With about 5 miles left things started to get really wet. The ground and grass was so wet that it didn’t take long for my feet to get soaking wet and begin sloshing around in my shoes. I think all three of us had a little PTSD from the AT and were instantly mad about the wet ground and marshy trail causing us to have wet feet like on the AT! We had paid our dues last year - come on! It was just dreary and wet for the entire afternoon.
We got to our camping spot before 6 pm and set up the tents in the drizzle. I should have paid more attention to my selection because I chose a really lumpy spot and my z rest sleeping pad isn’t too thick so I feel it all. People with air mattresses have an advantage with tent spot selection because you don’t feel the rocks and lumps as much.
I was freezing, wet, tired and hungry! I sat on my pack cover in my shorts and rain jacket and cooked ramen. I was so impatient to eat/drink it I burned my hands and my tongue in the process. It hit the spot. I then got in my tent and changed into warm dry socks and warm dry clothes. My feet stayed cold and numb for hours and it was tough to get comfortable on the lumpy ground.
This is the second full day without any cell service. It is nice to be unplugged and be so remote. I am enjoying every last bit of lack of connectivity and societal stimulation while soaking up the smells, sounds, and spectacular sights of the natural world. The flowers sprinkled along the trail and all throughout the meadows have given me great comfort and make me smile and feel loved. I thank the universe every morning for giving me so many bouquets of flowers. I need them right now, and it feels like Mother Nature is giving me endless love with her flowers.
CT Day 17: Cochetopa Creek (mi 337.8) to Lake City. Hiked 20 miles (elev: 8,600 ft)
Omg today was so ridiculously epic on so many accounts. I think I had adrenaline pumping through me most of the day.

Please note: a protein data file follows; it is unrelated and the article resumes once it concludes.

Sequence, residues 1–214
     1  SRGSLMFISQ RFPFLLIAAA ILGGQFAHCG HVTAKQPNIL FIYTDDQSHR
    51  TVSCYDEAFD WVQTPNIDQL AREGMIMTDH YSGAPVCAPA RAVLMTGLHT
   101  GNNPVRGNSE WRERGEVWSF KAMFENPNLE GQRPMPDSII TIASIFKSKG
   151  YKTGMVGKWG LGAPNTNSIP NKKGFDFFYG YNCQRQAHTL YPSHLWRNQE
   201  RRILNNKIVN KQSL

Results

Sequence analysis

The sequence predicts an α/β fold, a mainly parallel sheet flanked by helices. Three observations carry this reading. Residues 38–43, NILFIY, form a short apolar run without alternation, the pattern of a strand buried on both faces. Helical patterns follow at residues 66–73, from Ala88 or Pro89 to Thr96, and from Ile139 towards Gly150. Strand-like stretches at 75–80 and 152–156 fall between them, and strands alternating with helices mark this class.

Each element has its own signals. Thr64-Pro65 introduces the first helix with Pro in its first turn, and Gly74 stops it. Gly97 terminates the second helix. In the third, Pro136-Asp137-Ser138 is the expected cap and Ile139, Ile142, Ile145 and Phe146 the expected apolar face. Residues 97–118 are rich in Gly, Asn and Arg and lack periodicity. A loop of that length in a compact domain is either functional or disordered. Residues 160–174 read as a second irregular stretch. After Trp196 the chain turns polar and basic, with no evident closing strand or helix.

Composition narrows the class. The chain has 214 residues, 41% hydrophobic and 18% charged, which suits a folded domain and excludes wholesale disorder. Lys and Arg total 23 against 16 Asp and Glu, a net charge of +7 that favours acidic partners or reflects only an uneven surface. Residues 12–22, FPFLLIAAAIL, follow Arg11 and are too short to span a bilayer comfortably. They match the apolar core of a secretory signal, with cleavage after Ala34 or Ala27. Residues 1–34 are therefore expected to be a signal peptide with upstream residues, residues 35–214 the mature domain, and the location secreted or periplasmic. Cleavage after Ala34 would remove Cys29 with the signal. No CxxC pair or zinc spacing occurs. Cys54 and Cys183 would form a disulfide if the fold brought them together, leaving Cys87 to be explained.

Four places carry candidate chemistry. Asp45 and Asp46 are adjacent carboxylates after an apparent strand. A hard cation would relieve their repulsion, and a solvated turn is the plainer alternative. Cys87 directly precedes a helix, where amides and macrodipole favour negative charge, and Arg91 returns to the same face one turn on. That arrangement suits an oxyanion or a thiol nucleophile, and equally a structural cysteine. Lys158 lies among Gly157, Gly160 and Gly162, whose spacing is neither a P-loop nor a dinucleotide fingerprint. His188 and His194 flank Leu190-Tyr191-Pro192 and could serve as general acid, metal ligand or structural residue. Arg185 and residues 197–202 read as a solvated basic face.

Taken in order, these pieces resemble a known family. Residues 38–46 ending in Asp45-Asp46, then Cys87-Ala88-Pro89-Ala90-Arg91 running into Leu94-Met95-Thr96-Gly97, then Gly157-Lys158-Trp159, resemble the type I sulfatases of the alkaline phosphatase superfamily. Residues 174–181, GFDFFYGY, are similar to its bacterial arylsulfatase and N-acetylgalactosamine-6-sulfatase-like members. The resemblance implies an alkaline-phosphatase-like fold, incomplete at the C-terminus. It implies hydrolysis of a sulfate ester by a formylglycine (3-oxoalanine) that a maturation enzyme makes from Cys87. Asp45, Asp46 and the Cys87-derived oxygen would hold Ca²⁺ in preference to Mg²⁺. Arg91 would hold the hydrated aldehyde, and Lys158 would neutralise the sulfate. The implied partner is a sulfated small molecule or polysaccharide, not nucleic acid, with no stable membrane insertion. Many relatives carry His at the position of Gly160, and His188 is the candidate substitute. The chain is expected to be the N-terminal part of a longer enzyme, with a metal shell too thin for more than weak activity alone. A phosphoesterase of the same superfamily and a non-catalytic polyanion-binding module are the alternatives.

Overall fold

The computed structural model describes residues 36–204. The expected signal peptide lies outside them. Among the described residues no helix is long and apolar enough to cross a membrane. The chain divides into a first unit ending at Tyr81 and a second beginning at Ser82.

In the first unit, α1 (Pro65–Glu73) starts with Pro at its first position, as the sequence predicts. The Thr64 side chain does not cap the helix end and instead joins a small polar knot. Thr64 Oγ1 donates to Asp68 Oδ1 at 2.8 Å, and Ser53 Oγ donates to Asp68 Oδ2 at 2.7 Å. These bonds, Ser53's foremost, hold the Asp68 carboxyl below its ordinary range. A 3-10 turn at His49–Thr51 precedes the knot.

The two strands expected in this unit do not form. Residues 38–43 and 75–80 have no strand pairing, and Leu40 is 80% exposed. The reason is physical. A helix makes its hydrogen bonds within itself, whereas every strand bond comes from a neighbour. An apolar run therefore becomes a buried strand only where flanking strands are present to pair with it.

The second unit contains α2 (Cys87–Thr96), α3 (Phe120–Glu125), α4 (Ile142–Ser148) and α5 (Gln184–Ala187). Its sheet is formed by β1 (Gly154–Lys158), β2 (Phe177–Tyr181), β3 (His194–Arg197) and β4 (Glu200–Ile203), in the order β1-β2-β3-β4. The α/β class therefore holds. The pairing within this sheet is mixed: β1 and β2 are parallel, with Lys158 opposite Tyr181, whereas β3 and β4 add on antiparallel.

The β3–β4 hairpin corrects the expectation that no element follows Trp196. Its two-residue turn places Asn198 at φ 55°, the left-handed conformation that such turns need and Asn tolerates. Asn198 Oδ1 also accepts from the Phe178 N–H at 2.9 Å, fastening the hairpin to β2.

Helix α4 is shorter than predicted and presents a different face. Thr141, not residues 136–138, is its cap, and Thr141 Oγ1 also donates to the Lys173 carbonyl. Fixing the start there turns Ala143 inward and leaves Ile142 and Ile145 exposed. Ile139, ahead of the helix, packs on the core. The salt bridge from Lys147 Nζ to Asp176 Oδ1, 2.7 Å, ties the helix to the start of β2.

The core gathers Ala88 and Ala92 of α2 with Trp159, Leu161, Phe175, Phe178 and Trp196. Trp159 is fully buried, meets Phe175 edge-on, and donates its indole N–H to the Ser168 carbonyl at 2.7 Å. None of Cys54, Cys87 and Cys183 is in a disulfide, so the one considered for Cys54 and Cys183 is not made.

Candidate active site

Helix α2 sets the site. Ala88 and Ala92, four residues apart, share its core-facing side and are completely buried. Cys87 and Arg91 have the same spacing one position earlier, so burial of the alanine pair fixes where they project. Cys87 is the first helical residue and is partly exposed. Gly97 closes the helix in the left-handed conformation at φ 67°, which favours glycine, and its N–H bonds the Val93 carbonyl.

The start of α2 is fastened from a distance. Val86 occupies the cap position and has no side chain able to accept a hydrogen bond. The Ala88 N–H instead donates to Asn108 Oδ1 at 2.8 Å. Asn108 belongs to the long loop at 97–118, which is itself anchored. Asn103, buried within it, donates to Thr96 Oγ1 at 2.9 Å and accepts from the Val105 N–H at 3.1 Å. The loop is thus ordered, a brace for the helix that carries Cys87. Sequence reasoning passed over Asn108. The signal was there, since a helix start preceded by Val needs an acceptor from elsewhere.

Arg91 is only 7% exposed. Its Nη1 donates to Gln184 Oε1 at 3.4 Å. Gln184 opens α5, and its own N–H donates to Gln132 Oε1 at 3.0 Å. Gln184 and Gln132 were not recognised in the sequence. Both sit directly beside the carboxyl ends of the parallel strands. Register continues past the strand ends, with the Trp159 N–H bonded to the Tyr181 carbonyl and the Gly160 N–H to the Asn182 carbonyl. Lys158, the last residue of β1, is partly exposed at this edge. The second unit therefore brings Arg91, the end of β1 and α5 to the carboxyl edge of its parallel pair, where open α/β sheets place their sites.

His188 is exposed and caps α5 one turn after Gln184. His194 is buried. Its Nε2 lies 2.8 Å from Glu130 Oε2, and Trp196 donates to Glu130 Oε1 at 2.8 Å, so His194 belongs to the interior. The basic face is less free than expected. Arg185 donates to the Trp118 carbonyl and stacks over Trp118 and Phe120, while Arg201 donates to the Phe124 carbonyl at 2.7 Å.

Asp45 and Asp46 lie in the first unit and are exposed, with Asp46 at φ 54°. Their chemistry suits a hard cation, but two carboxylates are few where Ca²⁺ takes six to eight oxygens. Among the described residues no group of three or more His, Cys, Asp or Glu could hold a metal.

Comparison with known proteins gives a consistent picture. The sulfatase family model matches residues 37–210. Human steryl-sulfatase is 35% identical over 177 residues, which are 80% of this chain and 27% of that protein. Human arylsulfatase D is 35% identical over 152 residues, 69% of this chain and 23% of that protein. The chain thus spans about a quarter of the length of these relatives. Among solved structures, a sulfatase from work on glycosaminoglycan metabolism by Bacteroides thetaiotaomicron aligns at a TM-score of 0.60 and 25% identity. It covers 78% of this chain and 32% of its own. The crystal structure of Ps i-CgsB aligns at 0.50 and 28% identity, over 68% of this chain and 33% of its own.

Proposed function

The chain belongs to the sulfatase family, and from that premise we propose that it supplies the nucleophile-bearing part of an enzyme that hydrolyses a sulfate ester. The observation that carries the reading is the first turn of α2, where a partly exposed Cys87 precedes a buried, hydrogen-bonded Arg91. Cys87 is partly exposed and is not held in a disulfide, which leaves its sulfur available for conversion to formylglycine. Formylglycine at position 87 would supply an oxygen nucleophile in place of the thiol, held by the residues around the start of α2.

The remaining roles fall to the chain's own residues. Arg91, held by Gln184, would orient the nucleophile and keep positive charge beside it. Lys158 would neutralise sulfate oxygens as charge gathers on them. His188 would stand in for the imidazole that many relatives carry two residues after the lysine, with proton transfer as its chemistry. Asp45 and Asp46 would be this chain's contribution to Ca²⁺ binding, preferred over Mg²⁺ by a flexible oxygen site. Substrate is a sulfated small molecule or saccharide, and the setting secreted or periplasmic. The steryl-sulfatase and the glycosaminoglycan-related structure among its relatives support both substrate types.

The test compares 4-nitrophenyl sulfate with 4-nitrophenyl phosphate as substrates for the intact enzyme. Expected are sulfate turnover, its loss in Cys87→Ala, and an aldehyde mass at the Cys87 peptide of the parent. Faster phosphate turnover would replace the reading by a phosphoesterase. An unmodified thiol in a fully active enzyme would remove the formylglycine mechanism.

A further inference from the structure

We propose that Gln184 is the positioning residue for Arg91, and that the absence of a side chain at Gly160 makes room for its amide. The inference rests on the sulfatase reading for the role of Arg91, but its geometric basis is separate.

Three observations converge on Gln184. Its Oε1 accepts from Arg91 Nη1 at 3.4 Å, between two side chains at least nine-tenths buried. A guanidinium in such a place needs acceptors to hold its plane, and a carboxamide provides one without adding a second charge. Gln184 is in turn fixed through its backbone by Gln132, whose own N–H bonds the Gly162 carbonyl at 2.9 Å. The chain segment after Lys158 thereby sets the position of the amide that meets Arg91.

Red stripe was struggling with altitude stuff this morning - generally just feeling tired and having some difficulty breathing in the steeper climbs. It’s steep and high altitude so it makes sense.
The morning hike up to San Luis Peak (which is a 14er we opted not to summit today as it was a few miles on a side trail and we are on a bit of a tight schedule), was ABSOLUTELY epic. The sunrise, the colors, the greens, the mountains! We felt like we were back on the Colorado trail again! Yesterday felt like an Appalachian Trail slog fest, and the last few days felt sort of like “junk miles” (of course they have their own elure and allow the mind to truly center and meditate in a more neutral zone without all the highs and lows).
Pictures can’t even do this morning justice. It truly just had me blown away. It has been my favorite day thus far. Perhaps the drudgery of the previous days helped me to truly appreciate the spectacular epic-ness of today.
When we got to the high point for this section (and the highest point on trail so far at 12.8k ft), I sat down and just truly took it all in. Every time I turned to look in a different direction the clouds had changed and the view was different. The euphoria was real.
At 11 am I put on DRY SOCKS! All morning the lower elevation overgrown areas of the trail kept my shoes and socks nice and damp (but they were already totally soaked from the day before). I waited until a break to dry out my tent and change socks and then I followed Red Stripe up a 3.5 mile climb. We were planning to catch up to Bean at the top for lunch.
As we got out above tree line it became obvious where we were headed and that we were headed straight into a storm (we’ll call it storm 1). We knew we needed to eat “lunch” or at least take a break and get in some calories, so we thought it might be better to do it before we reached the top/storm 1. I couldn’t see Bean up ahead, but then we rounded a hill and saw she had stopped early too. Phew. Good thinking.